After my recent posts, I had some correspondence with an old friend who is very much in to the esoteric aspect of martial arts. This is someone who has known me since I was in my late teens, and is a good person who really believes in this martial arts viewpoint. So do not mistake what follows as a condemnation of anyone holding to these views. This is me speaking from where I am at this point.

The conversation was about my recent journey into the training of firearms. The questions were largely centered on two points.

  1. Are firearms to be considered a part of martial arts?
  2. Are firearms practical, or even necessary?

I will address this speaking only from my personal viewpoint, and this in no way reflects the opinions of anyone who has personal of professional ties to me.

Are firearms to be considered a part of martial arts?

The term martial art refers to warrior arts, with the martial having a root in the name of the Roman God of war Mars. In our modern time, we have burred the lines of what is martial, what is warrior, among many other terms that seem to have needed blurring.

In times past, common people were conscripted to be a part of wars. But there was also a warrior class, and these people trained for fighting with weapons. The warrior class trained to fight with weapons which were the state of the art for their time.

While governments tend to outlaw much of what the military has access to, if you live in a country that allows private ownership of firearms, then by all means you should own one and train in the proper use of such. This training will prevent you from hurting yourself or innocent bystanders in the event you need to actually use your weapon. Training takes time and practice and requires guidance. Just like any other martial art.

Are firearms practical, or even necessary?

In my youth, I would have answered something along the lines of firearms being a coward’s weapon, anyone can pull a trigger, or some other pat answer that I had been fed.

Whether we are talking about a home invasion, or a terrorist attack, or a hijacking of a flight, or an armed assailant mugging you after dark – if you are going into the confrontation thinking your awesome spin kick will save the day, you are in over your head.

Yes, there are people who could bring a knife to a gunfight and go home with a new gun, but these people are rare and will spend a long time in prison if they are caught, which in our time is a foregone conclusion.




Well, yes again.

See, there are bad people out there. People who will rape you, rob you, kill you, and all of this because they can, or because they want to, or because you have something the want. No law will stop them. If they were worried about laws, they would get a job, or a cause, or join a group that did not involve harming others.

It is necessary to level the playing field. When they go armed, it is wise to do so as well.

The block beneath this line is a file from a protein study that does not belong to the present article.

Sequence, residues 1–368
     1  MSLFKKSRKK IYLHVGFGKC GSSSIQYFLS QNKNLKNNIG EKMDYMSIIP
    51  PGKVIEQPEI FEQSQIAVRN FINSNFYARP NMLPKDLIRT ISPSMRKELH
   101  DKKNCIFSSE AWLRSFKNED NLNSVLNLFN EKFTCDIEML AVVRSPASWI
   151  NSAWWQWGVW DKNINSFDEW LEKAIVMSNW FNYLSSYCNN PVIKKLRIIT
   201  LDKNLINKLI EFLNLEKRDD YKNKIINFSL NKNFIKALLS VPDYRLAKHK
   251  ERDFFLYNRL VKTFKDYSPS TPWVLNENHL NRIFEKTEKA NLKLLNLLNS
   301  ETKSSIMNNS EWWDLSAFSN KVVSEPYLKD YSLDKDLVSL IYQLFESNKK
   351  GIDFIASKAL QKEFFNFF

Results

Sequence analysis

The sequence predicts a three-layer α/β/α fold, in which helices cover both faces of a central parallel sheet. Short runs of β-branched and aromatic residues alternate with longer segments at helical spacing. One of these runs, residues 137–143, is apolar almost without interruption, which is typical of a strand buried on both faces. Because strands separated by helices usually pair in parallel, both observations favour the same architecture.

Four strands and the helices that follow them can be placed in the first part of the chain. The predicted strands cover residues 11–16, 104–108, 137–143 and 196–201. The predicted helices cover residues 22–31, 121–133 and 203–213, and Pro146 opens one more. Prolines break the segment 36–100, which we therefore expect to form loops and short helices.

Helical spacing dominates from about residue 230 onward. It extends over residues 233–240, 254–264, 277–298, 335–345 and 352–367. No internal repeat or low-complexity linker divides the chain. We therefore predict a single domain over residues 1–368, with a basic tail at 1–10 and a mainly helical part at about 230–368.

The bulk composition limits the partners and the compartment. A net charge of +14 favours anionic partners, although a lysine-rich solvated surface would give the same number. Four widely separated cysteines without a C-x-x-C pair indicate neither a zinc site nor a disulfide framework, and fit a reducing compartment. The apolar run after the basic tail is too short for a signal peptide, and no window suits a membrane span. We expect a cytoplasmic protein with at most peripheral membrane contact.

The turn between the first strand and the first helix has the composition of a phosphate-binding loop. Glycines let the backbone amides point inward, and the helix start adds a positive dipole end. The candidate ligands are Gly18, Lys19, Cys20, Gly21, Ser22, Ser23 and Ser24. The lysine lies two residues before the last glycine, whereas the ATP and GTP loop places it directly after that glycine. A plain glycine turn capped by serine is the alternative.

Now, anyone with their head screwed on straight would not be wishing for a chance to use the weapon on another human. I own a gun and have no wish to shoot a person. I want to be prepared should the situation ever arise, but just as with CPR training, I would prefer to know how to do it correctly and never need to, than need to and not know how.

None of this is to say that people who do not wish to own or use firearms are stupid. This is all simply from my perspective and is my opinion on the topic. In my opinion, I like to seek peace from a position of strength. I don’t want to hurt anyone, but I have no intention of allowing anyone to hurt those I hold dear.

It really is that simple.

I share this because open dialogue on some subjects has become a strange practice of shaming those who disagree with you. I do not seek to have everyone agree with me, I am only explaining my position on the subject.

First Visit to the Range

So, I made my first visit to the firing range. I fired a gun for the first time in my life, and the only thing hurt was my pride.

While I have taken gun safety courses, I had no real training in the actual art and science of firing a pistol. Sure, all of the training on how to operate the weapon, how to load and unload and safely store it, even how to teach kids to not play with it while not making them afraid of it. But no target shooting. I had high hopes about my accuracy, and thought I would walk in and be able to consider myself a natural.

I did not know what to expect about the firing range, but it strangely reminded me of a martial arts school, without an instructor. Everyone was calm, respectful, and above all, careful.

Obviously, this is not the place for hotheaded behavior, or showing off. The guns were real, the bullets were real, and horseplay could end in disaster. I felt very safe there.

Yet, strangely, I was nervous enough to end up sweating profusely before I had even done anything. Yes, it was warm in there, but I was raised without air-conditioning, and worked in construction, in Texas, during summers that would kill mere mortals – seventy-eight degrees is really nothing to me.